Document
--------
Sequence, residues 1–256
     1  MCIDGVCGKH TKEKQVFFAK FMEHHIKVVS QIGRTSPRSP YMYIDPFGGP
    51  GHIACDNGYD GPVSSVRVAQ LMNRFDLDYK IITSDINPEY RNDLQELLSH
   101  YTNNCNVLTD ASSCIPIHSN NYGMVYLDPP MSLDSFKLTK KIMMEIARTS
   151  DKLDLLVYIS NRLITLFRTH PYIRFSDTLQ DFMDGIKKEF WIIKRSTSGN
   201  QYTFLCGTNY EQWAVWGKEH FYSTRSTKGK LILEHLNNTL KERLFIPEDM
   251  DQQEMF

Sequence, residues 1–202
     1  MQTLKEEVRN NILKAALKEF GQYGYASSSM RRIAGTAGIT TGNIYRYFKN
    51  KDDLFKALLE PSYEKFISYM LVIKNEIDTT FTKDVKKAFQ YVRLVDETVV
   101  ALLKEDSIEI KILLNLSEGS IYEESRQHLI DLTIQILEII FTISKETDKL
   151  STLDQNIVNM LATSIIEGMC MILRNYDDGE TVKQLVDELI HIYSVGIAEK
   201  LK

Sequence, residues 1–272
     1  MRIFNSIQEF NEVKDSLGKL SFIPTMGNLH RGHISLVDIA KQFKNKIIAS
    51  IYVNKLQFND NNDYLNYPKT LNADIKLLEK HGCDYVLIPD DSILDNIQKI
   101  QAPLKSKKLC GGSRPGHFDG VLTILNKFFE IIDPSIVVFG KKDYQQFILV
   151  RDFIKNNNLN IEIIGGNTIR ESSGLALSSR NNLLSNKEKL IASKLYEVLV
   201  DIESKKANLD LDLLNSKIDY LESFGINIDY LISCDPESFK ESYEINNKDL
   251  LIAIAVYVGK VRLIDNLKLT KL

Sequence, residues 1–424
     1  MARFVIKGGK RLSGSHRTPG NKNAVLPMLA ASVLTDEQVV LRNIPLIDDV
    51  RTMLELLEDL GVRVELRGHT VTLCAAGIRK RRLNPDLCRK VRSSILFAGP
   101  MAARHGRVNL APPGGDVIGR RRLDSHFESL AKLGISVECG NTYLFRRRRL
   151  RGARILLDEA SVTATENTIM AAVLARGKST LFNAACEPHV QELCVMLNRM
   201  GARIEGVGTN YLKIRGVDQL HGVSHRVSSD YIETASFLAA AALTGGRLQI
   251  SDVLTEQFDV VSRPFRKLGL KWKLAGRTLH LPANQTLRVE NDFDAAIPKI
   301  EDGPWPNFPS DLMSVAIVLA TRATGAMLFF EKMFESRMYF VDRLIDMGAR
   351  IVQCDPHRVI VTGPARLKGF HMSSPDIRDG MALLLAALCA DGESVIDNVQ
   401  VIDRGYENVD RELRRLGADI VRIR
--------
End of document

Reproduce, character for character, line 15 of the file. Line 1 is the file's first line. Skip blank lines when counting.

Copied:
     1  MRIFNSIQEF NEVKDSLGKL SFIPTMGNLH RGHISLVDIA KQFKNKIIAS